Weekly Wrap-Up: Powerful Storms Bring Flooding, Tornadoes and Snow to Central US

An outbreak of violent thunderstorms lashed portions of the central and southern Plains states early this week, spawning tornadoes and causing flash flooding in the region.

Widespread disruptions and power outages were reported across the Central states into Sunday night.

More than 100 award-ceremony attendees at a high school in Lake City, Iowa, were also caught in the midst of the severe weather outbreak Sunday evening as a possible tornado tore the roof apart right over their heads.

Fortunately, the 150 people inside South Central Calhoun High School were moved to the basement and locker room area two minutes before the potential tornado struck.

In Texas, a significant amount of rainfall led to flash flood emergencies in some areas with the heaviest rain falling southeast of Dallas.

The town of Corsicana received more than twice the amount of rain that they typically receive in all of May within a six-hour period. The area received 9 inches of rain in a span of six hours.

Five fatalities were reported on Sunday as storms swept from Texas to South Dakota. One person died due to flooding in Corsicana, Texas.

Interstate 45, a highway that connects Dallas to Houston, was closed for several hours as the torrential rain inundated the road. Secondary roadways in the area remained closed into Monday morning. Numerous water rescues were performed across Texas throughout the weekend.

Two were killed in Nashville, Arkansas, after a possible tornado swept through a trailer park Sunday night.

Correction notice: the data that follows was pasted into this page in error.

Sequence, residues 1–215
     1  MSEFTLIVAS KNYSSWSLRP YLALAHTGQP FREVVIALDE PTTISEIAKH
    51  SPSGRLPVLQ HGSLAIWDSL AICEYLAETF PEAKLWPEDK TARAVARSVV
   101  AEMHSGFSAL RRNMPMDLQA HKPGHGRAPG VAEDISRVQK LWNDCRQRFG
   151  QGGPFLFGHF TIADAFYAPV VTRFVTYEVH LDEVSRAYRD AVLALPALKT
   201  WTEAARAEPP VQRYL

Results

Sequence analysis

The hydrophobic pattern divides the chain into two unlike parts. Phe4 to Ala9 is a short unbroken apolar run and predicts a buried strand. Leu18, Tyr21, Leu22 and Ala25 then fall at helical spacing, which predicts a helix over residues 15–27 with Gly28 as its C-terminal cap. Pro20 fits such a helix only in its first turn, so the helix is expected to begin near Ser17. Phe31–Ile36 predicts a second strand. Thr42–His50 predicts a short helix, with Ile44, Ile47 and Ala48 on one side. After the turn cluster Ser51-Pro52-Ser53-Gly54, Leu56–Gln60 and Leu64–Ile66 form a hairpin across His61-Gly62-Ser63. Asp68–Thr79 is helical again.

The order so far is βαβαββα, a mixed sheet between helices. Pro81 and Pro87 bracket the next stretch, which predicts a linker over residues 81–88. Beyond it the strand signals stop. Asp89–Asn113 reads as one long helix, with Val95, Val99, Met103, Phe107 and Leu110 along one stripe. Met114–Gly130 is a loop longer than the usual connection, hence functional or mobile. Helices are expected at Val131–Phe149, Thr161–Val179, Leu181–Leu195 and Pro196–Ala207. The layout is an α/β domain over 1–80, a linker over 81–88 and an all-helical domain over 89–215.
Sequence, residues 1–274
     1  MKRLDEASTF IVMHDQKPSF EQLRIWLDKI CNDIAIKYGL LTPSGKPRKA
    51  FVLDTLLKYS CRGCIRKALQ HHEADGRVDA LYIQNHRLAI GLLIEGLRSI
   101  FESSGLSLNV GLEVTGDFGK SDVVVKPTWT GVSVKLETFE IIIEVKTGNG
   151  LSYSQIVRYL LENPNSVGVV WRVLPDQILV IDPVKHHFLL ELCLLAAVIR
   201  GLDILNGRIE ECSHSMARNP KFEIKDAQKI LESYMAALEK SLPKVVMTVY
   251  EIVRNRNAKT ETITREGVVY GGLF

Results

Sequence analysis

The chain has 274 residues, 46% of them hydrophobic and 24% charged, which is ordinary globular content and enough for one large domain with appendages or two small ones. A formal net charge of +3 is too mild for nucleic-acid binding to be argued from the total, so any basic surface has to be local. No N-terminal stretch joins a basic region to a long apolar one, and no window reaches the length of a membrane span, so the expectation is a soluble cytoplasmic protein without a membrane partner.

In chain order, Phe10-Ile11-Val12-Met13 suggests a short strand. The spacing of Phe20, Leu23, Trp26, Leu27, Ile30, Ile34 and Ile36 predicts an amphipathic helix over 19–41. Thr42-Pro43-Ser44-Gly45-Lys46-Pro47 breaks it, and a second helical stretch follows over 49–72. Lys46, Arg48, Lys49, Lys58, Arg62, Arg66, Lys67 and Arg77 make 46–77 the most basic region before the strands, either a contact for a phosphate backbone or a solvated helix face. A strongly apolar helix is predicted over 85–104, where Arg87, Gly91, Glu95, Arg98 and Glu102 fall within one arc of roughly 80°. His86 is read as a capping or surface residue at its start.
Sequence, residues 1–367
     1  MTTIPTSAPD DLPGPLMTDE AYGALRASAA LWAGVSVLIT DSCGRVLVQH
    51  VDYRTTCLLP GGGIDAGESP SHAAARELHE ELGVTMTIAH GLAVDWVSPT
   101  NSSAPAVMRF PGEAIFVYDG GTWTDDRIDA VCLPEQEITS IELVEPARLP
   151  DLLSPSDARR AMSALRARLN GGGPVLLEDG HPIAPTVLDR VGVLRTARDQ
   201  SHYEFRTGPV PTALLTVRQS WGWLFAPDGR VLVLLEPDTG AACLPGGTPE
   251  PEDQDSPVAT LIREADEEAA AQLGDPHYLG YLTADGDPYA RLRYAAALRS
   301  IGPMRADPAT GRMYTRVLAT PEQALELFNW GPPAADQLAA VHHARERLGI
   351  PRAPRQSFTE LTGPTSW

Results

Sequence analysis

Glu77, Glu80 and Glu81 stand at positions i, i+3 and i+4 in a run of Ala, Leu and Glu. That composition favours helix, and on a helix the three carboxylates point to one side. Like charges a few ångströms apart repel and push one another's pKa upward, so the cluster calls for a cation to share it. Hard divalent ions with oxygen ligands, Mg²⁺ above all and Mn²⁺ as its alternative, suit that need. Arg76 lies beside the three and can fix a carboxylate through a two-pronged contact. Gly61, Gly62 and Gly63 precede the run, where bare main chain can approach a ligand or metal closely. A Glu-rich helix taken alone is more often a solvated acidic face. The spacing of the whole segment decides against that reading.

Thousands were without power Sunday into Monday morning in Texas and Arkansas as winds up to 60 mph continued to lash the region.

The potent storm system continued to move eastward across the Central states into Monday night.

After violent thunderstorms rattled the Plains both days of the weekend, the threat shifted from the Lower Peninsula of Michigan to southern and coastal Texas.

Heavy rain continued to soak the area through midweek, leaving some areas of Texas and Oklahoma under floodwaters.

In addition to severe storms across the southern and central Plains states, heavy snow fell from Denver to Cheyenne and Casper, Wyoming, and eastward to South Dakota on Sunday. The snow fell on the back edge of the same storm system walloping the Plains with severe storms and flooding.

The highest totals in Colorado include 26 inches at Wolf Creek, at an elevation 11,000 feet and Echo Lake with 23 inches at 10,600 feet. Hayden Pass also received 21 inches at an elevation of 10,720 feet.

Denver International picked up 4 inches, AccuWeather Meteorologist Rebecca Elliot said.

"Colorado was the hardest hit with nearly 2 feet of snow at the higher elevations and up to 8 inches of rain falling along the Front Range," she said. "While the mountains were getting snow, the eastern half of the state was receiving a lot of rain."

In Nepal, another deadly earthquake rattled the region just weeks after the area suffered a devastating quake that killed more than 8,200 people, according to The Associated Press.

The second powerful earthquake, 7.3 in magnitude, struck Nepal on Tuesday. According to the USGS, Tuesday's earthquake is the largest aftershock to date of the magnitude-7.8 on April 25, 2015, Nepal earthquake - known as the Gorkha earthquake.

The earthquake was able to be felt in the nearby countries of India, Bhutan and Bangladesh, according to reports from the USGS.

The epicenter was located 76 km (47 miles) east of Kathmandu, the capital of Nepal, according to the U.S. Geological Survey.

This earthquake is considered to be a shallow earthquake, having a depth of only 15 km (9.3 miles). Shallow earthquakes of this nature typically cause more damage than those of a similar magnitude at a greater depth.

The Nepal Times reported that houses collapsed in Kathmandu, Bhaktaput, Lalitpur, Dolakha and Sindhupalchok districts following the tremor which has killed dozens of people and left thousands more injured.

Several AccuWeather.com staff writers and meteorologists contributed content to this article.